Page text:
Necessary but not evil

Standards and testing aren’t a “necessary evil” that stifle innovation by the best teachers, concluded Time DeRoche, a consultant with the Broad Foundation and the National Center for Educational Accountability. He writes in Education Week:

I was a part of a team that visited five extraordinary urban districts in the country. What we saw was astounding: Many teachers are embracing standards and testing. These tools, when used correctly, have an incredibly positive effect on teacher morale. Educators thrive when expectations are clear and when they have immediate access to data about their students’ progress.

Since my epiphany, I no longer think of standards and testing as a necessary evil. I now understand what a positive force these tools can be: They have the potential to spark an extraordinary revolution in the teaching profession.

DeRoche was “astounded” by what classroom teachers told him.

Almost unanimously, they told us that standards and testing have made their jobs both more rigorous and more rewarding. Specifically, they mentioned that the new focus on results fosters more collaboration. Because all grade-level teachers now work with the same content at the same time, there are more opportunities to cooperate on lesson plans. In this environment, educators actively seek out one another to share ideas and improve instruction. Teaching is no longer a lonely profession.

A standards-based approach also encourages the use of benchmark tests as diagnostic tools. To complement state testing (which usually occurs annually), many districts have developed preliminary measures to assess student progress. In many school systems, educators see student results within 48 hours, giving them immediate feedback about the effectiveness of their teaching. We observed several meetings during which teachers discussed the relative performance of their students and then brainstormed about how to improve instruction.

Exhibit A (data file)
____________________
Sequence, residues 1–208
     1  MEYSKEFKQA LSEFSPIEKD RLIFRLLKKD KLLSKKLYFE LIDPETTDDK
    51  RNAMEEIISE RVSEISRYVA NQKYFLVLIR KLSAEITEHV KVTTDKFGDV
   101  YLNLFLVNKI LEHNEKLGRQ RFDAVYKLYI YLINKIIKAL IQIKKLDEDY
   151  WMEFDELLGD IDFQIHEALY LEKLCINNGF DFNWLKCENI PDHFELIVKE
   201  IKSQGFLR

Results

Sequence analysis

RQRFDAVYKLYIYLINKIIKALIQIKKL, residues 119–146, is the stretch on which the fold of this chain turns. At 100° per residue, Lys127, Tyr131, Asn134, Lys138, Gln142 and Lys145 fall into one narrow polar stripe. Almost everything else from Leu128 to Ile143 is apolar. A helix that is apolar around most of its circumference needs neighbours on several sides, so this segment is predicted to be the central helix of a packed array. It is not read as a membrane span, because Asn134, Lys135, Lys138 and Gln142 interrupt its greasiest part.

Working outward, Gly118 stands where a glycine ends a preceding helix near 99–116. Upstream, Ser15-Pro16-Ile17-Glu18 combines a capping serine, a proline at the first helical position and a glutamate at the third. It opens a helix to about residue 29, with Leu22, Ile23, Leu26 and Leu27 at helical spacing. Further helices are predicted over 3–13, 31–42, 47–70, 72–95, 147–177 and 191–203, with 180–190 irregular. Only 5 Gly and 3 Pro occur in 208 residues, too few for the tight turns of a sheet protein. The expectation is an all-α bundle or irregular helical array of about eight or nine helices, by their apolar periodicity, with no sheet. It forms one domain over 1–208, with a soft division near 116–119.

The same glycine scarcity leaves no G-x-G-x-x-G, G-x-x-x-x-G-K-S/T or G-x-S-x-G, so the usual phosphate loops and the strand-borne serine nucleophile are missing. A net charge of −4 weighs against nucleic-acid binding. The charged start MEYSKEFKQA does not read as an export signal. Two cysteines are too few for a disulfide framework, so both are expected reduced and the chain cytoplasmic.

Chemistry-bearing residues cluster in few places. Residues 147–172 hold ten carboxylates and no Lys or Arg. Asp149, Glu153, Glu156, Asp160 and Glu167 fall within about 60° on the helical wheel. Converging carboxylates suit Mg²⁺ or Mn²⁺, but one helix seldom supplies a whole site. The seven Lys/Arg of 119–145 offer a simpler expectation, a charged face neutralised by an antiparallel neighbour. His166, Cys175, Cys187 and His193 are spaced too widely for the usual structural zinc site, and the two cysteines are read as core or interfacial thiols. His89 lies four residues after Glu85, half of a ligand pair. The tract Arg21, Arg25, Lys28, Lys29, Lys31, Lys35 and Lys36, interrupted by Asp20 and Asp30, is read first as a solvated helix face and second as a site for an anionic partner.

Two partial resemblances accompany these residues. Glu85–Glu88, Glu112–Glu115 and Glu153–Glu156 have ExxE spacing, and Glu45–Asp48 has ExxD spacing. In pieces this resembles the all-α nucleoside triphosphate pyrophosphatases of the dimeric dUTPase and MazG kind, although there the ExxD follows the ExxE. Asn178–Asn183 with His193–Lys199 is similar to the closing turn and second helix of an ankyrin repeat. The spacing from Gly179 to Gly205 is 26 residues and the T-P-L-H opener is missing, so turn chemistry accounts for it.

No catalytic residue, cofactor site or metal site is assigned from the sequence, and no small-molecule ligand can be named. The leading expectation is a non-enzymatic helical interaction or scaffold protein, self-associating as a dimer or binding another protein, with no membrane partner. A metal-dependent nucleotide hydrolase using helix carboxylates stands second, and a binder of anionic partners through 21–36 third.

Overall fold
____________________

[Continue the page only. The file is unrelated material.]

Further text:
It also creates clear job expectations. By looking at standards documents from the district and state, a teacher can understand exactly what his or her students are expected to learn. This takes much of the guesswork and fear out of the evaluation process.

Teachers have raised their expectations for low-income and minority students, he writes.

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  1. I can’t say enough about testing creating clear job expectations. This is my first year of teaching after many years in research & engineering. Most of my students will take the NYS Math B exam in June. It is very clear what they need to know & what I need to teach, however, reading the NCTM standards it is not so clear, neither are the current NYS Math B standards. However, matching the curriculum & NYC Math B standards to the past Math B exams & the Math B exam standards gives me a clear description of what I need to be teaching. Then I match up that list with what the Pre-Calc & Adv Algebra teachers need as skill sets in their incoming students… voila, A CLEAR set of topics to cover.

    But then again in a previous life i wrote job descriptions & machine specs maybe I’m just focused on preparing them for both their next course and the Regents exam 🙂

    I’ve found doing this has enabled me to share with the students my joy and love of mathematics without getting bogged down by “what should I teach”. I already have a game plan.

    So personally I think both diagnostic tools to assess where we are in respect to where we were going & clear expectations written in the form of standards/assessments are wonderful.